a gentleman, the owner of a close borough, owes Mr. Houldsworth a large sum of money; that he is unable to pay it, unless Mr. H. will take it out in boroughs, the only article in which the aforesaid gent. deals; that therefore Mr. H. agrees to take the borough as a set off to the debt, and hence his resignation of the honour of representing us.5
The ministry regarded him as one of their ‘friends’, and he voted with them in the crucial division on the civil list, 15 Nov. 1830. He divided against the second reading of the Grey ministry’s reform bill, 22 Mar., and paired for Gascoyne’s wrecking amendment, 19 Apr. 1831. He was returned unopposed for Newton at the ensuing general election. He was in the small minority for the reduction of public salaries to 1797 levels, 30 June 1831. He divided against the second reading of the reintroduced reform bill, 6 July, and for an adjournment motion, 12 July. He paired against the partial disfranchisement of Chippenham, 27 July, and the enfranchisement of Merthyr Tydvil, 10 Aug.6 On 19 Aug. he maintained that no person should be compelled to serve as a returning officer ‘without some degree of remuneration’, citing the need for the assistance of legal advisors and assessors. He expressed the opinion that the proposed two-day limit on voting was too stringent for the larger counties, 5 Sept. Next day he urged ministers to reconsider this matter and the number of places that could be used for polling. He was absent from the division on the reform bill’s passage, 21 Sept. He voted against issuing a writ for Liverpool, 5 Sept., and to safeguard the West India interest when renewing the Sugar Refinery Act, 12 Sept. He was absent from the division on the second reading of the revised reform bill, 17 Dec. 1831, but voted against the enfranchisement of Tower Hamlets, 28 Feb., and the third reading, 22 Mar. 1832. He divided against ministers on the Russian-Dutch loan, 26 Jan. 1832.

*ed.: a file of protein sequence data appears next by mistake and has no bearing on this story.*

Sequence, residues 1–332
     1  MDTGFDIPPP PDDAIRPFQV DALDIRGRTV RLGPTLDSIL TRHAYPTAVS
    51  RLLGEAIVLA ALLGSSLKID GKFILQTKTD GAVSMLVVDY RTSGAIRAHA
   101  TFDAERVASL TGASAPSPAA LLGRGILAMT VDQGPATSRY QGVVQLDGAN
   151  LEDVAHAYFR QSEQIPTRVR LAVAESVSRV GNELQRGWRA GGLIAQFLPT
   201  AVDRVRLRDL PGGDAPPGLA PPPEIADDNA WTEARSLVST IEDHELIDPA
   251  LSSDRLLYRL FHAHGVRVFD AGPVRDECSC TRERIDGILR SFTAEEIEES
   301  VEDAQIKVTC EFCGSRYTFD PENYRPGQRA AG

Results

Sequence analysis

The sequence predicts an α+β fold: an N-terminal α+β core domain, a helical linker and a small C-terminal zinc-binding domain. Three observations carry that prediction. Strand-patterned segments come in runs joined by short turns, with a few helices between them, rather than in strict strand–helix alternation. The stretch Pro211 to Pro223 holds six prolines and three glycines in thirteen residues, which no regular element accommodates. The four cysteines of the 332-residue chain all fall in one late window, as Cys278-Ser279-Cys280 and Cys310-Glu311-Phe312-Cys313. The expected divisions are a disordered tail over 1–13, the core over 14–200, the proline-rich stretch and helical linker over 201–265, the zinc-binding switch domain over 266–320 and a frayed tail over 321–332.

With Newton disfranchised by the Reform Act, Houldsworth considered a return to Pontefract but instead offered for North Nottinghamshire, where he was elected in second place.7 He sat as a Conservative until his retirement in 1852. Although he was a manufacturer, he voted against repeal of the corn laws in 1846.8 He died in September 1852 and divided the bulk of his estate equally between his brothers; his personalty was sworn under £470,000.9
Ref Volumes: 1820-1832
Author: Martin Casey
- 1. W.H. Macleod, Houldsworths of Coltness, 114-17.
- 2. Session of Parl. 1825, p.469.
- 3. The Times, 1 Mar. 1826.
- 4. Leeds Intelligencer, 15 June; Leeds Mercury, 17 June 1826.
- 5. Leeds Mercury, 10, 24 July 1830.
- 6. The Times, 1, 12 Aug. 1831.
- 7. Staffs. RO, Stafford Jerningham mss D641/B/P/3/14/69.
- 8. Gent. Mag. (1852), ii. 427.
- 9. PROB 11/2161/835; IR26/1936/909.